In the shadow of a Central City church, they go to work.
“This is a building that the church bought earlier this year and they’re setting it up for low-income housing,” said Marcos Rucinski of the non-profit group “United Saints.”
Volunteers with the group left their homes elsewhere and traveled to New Orleans to help those in need get a home of their own. Phil Hufnagel came down from Pittsburgh, PA.
“One main reason for me– the weather down here is a lot different than it is in Pittsburgh in December,” Hufnagel.
It is a working holiday during the holidays. United Saints one of several groups in the city doing this work, this season.
“It’s the right thing to do,” Rucinski said. “People need help and I’ve got two hands to help.”
“It feels good,” Hufnagel added. “You know, at the end of the day, you feel like you accomplished something and it’s good to see that this area is coming back from Hurricane Katrina.”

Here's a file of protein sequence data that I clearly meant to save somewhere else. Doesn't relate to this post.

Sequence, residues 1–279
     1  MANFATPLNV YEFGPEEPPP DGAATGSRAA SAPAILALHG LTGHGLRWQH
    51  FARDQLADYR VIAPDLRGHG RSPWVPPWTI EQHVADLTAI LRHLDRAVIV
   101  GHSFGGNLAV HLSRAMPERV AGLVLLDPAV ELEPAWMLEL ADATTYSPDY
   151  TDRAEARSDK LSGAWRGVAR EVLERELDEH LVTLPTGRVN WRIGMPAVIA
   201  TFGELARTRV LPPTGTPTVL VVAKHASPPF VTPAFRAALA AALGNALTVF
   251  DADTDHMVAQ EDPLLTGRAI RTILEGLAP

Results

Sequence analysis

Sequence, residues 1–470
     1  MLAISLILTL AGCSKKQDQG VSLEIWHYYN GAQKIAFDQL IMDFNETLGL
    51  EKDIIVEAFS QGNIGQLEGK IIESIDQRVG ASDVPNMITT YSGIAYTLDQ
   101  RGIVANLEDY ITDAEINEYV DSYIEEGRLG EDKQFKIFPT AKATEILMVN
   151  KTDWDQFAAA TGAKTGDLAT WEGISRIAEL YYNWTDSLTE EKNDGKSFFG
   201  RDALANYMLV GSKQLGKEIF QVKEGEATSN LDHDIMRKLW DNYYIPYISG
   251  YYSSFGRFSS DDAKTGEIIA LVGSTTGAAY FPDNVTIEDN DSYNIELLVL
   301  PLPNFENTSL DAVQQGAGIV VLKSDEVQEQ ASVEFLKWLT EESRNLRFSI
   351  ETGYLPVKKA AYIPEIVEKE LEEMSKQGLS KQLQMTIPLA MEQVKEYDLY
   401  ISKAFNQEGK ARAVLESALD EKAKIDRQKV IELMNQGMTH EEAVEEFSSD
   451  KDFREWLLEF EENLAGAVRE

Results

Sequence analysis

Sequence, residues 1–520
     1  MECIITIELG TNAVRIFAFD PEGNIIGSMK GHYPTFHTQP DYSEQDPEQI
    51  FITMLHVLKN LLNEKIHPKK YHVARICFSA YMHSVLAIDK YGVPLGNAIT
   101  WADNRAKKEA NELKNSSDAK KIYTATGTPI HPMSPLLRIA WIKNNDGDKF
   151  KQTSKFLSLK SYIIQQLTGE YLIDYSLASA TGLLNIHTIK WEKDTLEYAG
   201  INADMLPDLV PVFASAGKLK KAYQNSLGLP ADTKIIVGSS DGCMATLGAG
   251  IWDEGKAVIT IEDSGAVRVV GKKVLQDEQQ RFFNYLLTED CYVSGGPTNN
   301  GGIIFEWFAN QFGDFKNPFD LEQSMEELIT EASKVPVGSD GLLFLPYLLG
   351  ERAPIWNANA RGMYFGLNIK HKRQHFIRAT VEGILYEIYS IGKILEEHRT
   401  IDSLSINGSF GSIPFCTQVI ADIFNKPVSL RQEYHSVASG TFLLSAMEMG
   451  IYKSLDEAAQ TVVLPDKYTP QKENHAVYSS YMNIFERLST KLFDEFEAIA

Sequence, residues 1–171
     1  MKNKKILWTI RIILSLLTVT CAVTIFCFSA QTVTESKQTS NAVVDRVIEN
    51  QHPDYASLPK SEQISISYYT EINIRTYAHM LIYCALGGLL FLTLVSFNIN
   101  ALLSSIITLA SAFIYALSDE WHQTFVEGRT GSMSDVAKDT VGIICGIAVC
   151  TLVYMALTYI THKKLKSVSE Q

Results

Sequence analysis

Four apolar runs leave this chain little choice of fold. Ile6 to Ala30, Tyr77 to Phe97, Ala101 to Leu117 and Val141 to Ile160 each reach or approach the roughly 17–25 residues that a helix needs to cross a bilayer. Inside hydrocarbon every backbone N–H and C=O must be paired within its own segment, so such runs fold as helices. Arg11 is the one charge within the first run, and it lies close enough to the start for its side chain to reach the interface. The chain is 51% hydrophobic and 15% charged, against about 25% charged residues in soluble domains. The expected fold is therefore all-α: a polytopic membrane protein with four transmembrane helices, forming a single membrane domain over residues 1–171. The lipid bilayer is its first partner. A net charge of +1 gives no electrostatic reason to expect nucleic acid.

It’s a similar story at a home in Broadmoor. Volunteers with the “Union Reform For Judaism” partnered with the local non-profit group “Rebuilding Together.” Naomi Abelson traveled to New Orleans from New York City to volunteer.
“It’s always been very important to us to incorporate “mitzvah,” which is acts of kindness, into our celebration,” Abelson said. “So, it’s Hanukkah right now and we thought it would be the absolute perfect time to say, ‘how can we extend our joyous holiday season and help those in the community?”
Yet, the volunteers say they don’t see this so much as work during the holidays, but rather, a chance to give a special gift.
“This is a great gift!” said Marisa Menezes, with Rebuilding Together. “And you’re giving it to a complete stranger. So, for me, it’s a great way to celebrate.”
It’s a celebration they to extend to the whole neighborhood, once their work is done and the volunteers head home.
“By doing this kind of work, they’re really helping other community members that will drive by and see, ‘oh, the neighborhood is coming back. You know, I’m going to come back and start to rebuild my house,” Menezes said.
“It feels great, you know, it’s one of those things that we talk about a lot and we donate money to, and we’re happy to do so — but when you actually roll up your sleeves and do the work, it takes on a different meaning,” Abelson said.